UNIVERSITY OF NORTH CAROLINA, CHAPEL HILL, N. C, THURSDAY, MARCH 12, 1908.
OFFICIAL ORGAN OF THE UNIVERSITY OF NORTH CAROLINA ATHLETIC ASSOCIATION.
NEWS OF THE DIAMOND
DR. D CLAY LILLY HERE THE LAST STAR LECTURE
REMARKS ABOUT THE TRIP
THE LINE-UP FOR THE GAME
HE PREACHES SEVERAL EX
DELIVERED BY ARTHUR K.
. PECK OF liOSTON.
HAPPENINGS AT ELIZABETH
CITY AND WASHINGTON.
The Boys are Showing Up Well at
the Stick and at Base
Running:. Baseball practice is characterized
by hard work and fierce competi
tion. The work demanded by the
coach is such that the team bids fair
to be in pretty good condition by
Saturday. A large amount of base
ball is batted into the heads of the
players every afternoon, and as a
result the playing- and the team
work are improving- rapidly. Mr.
Stocksdale has every art of the
diamond at his fingers' end, and he
has already demonstrated that Car
olina's choice of a coach was wise.
The line-up, in batting order, foi
the game Saturday will probably
be as follows: James (captain),
third base; Hobbs, catcher; Cole,
center field; Stevens, left field;
Montgomery, second base; Hamil
ton, first base; Fullen wider, Stew
art, Duls, Andrews, pitchers;
Wadsworth, right field; Fountain,
The battery is unquestionably
the strongest place on the team.
Hobbs behind the bat is in a class
by himself, andthe combination of
Fullenwider, Stewart,, Duls, and
Andrews is not to be despised.
Hamilton, Montgomery, Foun
tain, and James demonstrated their
ability last year, and their work
may be expected to be better than
ever this season.
The work of the outfielders is
fair, but they need more ginger and
hustle. It is believed that as the
season advances they will show
great improvement and will hold up
their part of the work.
The work of the whole team at
the stick and at base-running is
good. Mr. Stocksdale is a past
master at the art of running bases,
and the men are fast getting wise
to the tricks of the trade.
The varsity team is well backed
up by the Yaunigans. This bunch
is showing up well and gives prom
ise of good varsity material for next
year. The most promising Yanni
gans are: Cox, catcher; Willis and
Oliver, pitchers; McLean, first:
Nixon, second; Tillett, third; Dav
enport, short; Hackney, Graham,
Hanes, Johnston, outfield.
Anent the Season Tickets.
Manager Gray reports a most
encouraging sale of season tickets.
The sale has exceeded all expec
tations and if conclusions as to the
size of the floating crowd mav be
drawn from this sale, Manager
Gray is starting his season under
favorable financial auspices.
It is not yet too late to secure
these tickets. The price is $5,
See Gray, Masten, Osborne, or
Nash at once.
"A Vision of Service" Sunday
Night and "The Heart of Things"
Dr. D. Clay Lilly of the Presby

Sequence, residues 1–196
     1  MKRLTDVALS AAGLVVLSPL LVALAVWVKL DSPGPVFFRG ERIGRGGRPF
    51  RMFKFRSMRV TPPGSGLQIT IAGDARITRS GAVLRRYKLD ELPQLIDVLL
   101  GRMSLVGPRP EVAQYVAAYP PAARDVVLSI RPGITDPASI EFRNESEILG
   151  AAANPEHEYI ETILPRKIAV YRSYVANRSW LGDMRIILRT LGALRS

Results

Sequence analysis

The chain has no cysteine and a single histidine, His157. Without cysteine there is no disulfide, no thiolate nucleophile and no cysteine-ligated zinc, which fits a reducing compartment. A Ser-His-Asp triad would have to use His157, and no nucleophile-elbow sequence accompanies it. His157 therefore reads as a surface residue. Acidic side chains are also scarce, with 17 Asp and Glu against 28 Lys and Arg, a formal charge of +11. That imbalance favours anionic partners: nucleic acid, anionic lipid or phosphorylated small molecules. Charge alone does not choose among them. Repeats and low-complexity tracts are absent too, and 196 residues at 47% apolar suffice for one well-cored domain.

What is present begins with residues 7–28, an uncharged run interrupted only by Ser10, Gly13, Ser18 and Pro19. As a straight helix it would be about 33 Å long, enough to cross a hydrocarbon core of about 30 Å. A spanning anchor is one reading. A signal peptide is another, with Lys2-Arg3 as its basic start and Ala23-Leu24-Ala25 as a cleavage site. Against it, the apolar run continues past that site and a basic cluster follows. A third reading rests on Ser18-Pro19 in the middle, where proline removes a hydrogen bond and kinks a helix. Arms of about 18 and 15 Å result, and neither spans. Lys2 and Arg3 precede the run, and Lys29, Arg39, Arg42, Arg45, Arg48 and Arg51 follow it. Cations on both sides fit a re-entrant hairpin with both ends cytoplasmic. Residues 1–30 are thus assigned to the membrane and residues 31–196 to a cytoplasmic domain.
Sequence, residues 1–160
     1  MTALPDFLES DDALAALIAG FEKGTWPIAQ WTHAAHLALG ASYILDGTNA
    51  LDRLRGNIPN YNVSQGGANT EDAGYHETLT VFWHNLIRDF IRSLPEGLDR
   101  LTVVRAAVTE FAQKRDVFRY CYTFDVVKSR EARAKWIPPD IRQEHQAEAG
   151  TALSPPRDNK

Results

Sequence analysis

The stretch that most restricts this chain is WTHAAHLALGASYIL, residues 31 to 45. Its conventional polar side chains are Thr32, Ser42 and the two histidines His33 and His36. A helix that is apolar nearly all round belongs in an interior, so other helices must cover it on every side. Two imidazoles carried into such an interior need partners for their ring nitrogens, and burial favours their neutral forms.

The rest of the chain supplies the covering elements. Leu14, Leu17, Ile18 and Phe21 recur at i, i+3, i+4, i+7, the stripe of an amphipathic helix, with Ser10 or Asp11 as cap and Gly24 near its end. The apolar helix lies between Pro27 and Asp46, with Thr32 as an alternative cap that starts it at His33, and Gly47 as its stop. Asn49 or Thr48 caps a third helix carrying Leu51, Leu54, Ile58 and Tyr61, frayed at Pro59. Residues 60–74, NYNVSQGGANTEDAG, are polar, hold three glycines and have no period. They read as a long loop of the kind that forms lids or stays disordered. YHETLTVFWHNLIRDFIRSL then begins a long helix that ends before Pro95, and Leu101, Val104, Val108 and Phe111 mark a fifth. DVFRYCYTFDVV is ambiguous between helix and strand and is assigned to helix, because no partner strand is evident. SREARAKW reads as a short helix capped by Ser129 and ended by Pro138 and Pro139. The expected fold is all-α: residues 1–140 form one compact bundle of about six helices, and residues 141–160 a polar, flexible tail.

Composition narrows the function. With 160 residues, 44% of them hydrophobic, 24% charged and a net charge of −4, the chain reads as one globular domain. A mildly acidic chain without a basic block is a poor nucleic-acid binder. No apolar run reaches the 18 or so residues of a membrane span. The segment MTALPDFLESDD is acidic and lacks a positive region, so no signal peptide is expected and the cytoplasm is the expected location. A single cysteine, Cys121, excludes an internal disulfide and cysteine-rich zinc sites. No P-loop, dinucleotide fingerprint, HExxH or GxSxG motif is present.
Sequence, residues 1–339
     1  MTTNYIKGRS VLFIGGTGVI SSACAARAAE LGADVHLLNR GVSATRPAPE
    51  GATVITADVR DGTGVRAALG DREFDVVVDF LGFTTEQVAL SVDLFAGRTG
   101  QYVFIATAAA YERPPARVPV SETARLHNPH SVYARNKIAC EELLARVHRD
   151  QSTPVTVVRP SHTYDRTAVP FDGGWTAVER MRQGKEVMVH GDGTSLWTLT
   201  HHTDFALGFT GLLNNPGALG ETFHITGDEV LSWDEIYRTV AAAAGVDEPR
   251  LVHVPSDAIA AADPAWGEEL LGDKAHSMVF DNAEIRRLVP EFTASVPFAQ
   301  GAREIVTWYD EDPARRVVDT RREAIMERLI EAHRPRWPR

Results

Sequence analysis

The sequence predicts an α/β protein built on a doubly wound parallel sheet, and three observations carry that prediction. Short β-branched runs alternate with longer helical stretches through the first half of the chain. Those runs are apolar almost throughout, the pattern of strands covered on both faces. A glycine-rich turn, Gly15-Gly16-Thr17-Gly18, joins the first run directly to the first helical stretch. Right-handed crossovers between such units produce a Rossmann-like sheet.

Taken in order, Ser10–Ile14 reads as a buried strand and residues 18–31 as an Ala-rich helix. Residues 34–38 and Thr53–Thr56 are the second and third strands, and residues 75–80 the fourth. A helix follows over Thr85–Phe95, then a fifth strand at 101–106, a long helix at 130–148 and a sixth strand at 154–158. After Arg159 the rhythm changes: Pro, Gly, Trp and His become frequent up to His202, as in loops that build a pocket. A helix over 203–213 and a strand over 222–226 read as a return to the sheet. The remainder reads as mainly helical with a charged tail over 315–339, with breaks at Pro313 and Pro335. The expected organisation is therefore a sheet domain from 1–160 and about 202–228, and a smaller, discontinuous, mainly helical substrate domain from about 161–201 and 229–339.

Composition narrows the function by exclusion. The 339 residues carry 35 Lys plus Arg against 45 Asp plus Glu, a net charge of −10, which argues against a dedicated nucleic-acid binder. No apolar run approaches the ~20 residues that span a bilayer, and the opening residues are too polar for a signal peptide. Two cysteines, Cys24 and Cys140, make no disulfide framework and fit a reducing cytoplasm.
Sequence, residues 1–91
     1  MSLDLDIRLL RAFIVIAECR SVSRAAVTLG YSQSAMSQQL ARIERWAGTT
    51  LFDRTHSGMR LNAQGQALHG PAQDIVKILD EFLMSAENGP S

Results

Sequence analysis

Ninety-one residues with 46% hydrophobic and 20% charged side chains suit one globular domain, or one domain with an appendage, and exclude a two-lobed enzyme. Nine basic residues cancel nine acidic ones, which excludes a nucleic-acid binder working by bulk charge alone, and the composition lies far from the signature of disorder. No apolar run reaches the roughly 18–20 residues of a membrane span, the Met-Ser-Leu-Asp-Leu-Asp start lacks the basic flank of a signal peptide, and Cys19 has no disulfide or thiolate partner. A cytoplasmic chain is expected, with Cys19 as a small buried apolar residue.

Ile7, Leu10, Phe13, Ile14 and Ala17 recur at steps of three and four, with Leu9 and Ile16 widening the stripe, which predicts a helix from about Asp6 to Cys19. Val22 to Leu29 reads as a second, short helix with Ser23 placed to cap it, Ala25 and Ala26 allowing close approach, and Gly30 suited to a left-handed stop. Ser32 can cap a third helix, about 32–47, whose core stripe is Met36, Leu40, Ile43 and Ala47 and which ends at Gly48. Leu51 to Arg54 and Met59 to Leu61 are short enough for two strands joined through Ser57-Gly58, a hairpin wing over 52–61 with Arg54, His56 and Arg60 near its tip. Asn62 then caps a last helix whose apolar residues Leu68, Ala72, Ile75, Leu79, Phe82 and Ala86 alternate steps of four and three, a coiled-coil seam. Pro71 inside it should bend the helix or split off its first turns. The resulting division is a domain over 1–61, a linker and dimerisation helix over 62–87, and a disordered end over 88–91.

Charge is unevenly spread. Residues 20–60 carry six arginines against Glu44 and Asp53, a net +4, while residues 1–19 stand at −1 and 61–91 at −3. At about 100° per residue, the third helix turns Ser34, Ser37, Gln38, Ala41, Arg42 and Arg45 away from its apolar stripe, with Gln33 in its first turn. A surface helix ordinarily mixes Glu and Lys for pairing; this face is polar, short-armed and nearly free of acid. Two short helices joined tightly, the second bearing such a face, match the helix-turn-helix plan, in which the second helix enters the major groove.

terian church, of Winston-Salem,
preached Sunday night in the chap
el. His subject was "A Vision of
Service." He took as his text the
geperal thought in the sixth chapter
of Isaiah, the call of Isaiah to ser
He began by saying that there
were two opinions which are fatal
to progress. One is that all the
world's work is already done. He
said that this was a great mistake,
but on the contrary it is just begun.
In science, in sociology, in religion,
and in all departments of life the
great things lie ahead and are yet
to be done.
The second opinion fatal to pro
gress was that if ,the world's work
is not yet done "I can have no part
in it. I am not equipped for that
work." He said that no man had
been better equipped to do his own
particular work "than you are to do
He then discussed the world's
need of leaders, saying it needed
them at the present time. He gave
some striking figures showing a
falling off in the number of theo
logical students within the past
twelve years, while there has been
a great increase in population, and
made a plea for more men to go into
this calling, saying this was necess
ary in order to maintain our relig
ious and intellectual privileges.
DR. LILLY AT Y. M. C. A.
Dr. Lilly spoke again in the
chapel on Tuesday night at the
weekly Y. M. C. A. meeting. He
used as his subject, "The Heart of
Things." There was a good au
dience present, and the talk was
plain, practical and strong appeal
for more men for the ministry.
He said all the churches had de
cided on an educated ministr'. Not
by any formal agreement, but by a
general understanding, and if this
was to be had, they must look to
the colleges for it. He again called
attention to his statement of Sun
day, night in regard to the falling
off . in theological students, being
more specific in figures, and saying
that although there are now twice
as many students in colleges as
there were fifteen years ago. and
although the population of the
nation has increased by immigra
tion alone more than ten millions,
there are now seven" hundred fewer
students in the fifty-eight Theolog
ical Seminaries than then.
In introducing his subject, he
said, "We are all social reformers.